Speed and dynamics
Hybrids can suffer from incoherency between their slower, more analogue dynamic drivers and faster, more precise BA drivers. To my ears 64 Audio’s hybrids don’t have too many coherency issues, although the contrast between the slower, rounder bass notes and decay on Nio (and Noir) is occasionally apparent. The reason I mention this here is that it affects how I hear the overall speed of the four IEMs. All four are generally very fast and dynamic, however, with a deftness of touch when it comes to scaling from the softest to the loudest parts of the music.
Without contradicting what I’ve just said, let me qualify it by adding that of the four IEMs, Nio is the slowest. A better term would be relaxed, because technically speaking Nio isn’t slow. But its big, bold and sometimes bloomy dynamic bass with M15 pulls on the reigns, as does its more relaxed treble tuning. With a Tia driver doing treble duty the music’s upper fundamentals are never going to be left too far behind, and switching to mX the bass cleans up nicely, showing that Nio is capable of a quicker dynamic attack and decay when it’s called for.
Whereas Nio is politely reserved, Trió is unapologetically fast and dynamic. Yes, it has a big dynamic driver that doesn’t always keep up with the super-fast BA in the mids and even faster Tia treble driver, but since bass is centred more on sub bass than midbass, it doesn’t hold back the other frequencies much at all. There’s a real energy to Trió’s dynamism too, constantly fed by a sometimes over-exuberant treble and complemented nicely by its large-yet-nimble and very punchy bass. Trió can softly ping just as hard as it slams, so best prepare your ears for the rush, especially if dynamically aggressive music is your thing.
Speed is what Fourté is all about. Never mind the fact that it has a dynamic driver, the agility of its bass blends in almost seamlessly with the nimbleness of its midrange and treble drivers. It might not be technically as tight as an all-BA IEM like the U12t or U18t, but it compensates with authority and a lifelike analogue decay that’s physically impossible for BA woofers to fully replicate. It’s also incredibly dynamic, rapidly delivering high/low volume switches, but doesn’t quite match the dynamic thwack of Trió’s potent bass slam.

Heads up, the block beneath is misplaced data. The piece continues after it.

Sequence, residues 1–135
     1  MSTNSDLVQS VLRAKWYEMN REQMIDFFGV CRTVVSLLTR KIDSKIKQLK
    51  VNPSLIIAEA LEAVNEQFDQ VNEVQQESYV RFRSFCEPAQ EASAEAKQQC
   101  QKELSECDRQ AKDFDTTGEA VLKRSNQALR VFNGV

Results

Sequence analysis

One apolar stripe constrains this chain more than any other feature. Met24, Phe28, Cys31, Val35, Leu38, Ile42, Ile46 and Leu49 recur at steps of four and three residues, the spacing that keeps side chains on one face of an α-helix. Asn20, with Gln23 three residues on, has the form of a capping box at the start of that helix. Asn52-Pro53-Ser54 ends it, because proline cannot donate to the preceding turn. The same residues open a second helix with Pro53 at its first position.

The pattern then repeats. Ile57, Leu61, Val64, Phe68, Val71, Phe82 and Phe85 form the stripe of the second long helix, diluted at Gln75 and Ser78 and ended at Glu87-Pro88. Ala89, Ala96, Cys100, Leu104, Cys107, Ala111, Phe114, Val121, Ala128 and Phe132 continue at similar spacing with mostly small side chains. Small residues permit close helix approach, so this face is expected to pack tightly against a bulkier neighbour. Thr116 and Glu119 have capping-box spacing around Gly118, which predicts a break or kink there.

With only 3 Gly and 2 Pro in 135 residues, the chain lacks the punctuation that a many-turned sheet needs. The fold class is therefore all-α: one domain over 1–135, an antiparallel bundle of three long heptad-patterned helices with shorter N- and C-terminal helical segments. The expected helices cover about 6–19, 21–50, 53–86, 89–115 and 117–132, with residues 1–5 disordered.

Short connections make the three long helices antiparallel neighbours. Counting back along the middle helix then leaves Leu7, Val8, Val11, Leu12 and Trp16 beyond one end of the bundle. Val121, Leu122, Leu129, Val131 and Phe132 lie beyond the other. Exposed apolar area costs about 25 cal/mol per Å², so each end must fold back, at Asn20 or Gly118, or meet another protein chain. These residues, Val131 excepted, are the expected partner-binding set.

Compared to Fourté, Noir slows down the pace somewhat without making it too apparent. Its thicker, bolder low end emphasizes decay over swiftness, and while excellently textured, the bass doesn’t match the tightness of a BA woofer (or indeed Fourté’s dynamic). Still, Noir manages to match Trió note for note when it comes to speed, even though its notes are thicker, but when it comes to overall speed, Noir’s dual Tia drivers are akin to mini afterburners. Dynamics don’t take much of a hit from the added warmth either, but I don’t hear the Noir as any more dynamic or energetic than Trió. If anything, the latter has more zing, while the Noir is more refined.
Rush’s Vital Signs, off the band’s 1981 LP Moving Pictures (West Germany 1st Press Edition), is a progressive rock classic that features some incredibly dexterous work by drumming legend Neil Peart. The snare drum hits accelerate as the song nears its crescendo at 3:50, and the mix of drums, synths and riffing require perfect timing to come off just right. Given the slightly dry nature of this particular recording, Nio (in both configurations) injects some much-needed warmth to the sound, but also admirably manages to keep up with the pace. Trió does too, but at a canter. The snares also hit harder and the drums sound punchier than Nio’s, adding weight to go with the speed. Fourté tells it like it is: fast, dry, musical, rhythmic. Every snare stroke, stick hit, orchestral string (in the background) and accompanying vocals are played in perfect balance, with great precision. It almost turns what’s already a great recording on Nio and Trió into a live session. Noir is likewise pacy, but the layering isn’t as clearly defined as it is with Fourté. The drums and snares are melded in with the rest of the instruments, though nothing gets muddled in the process either.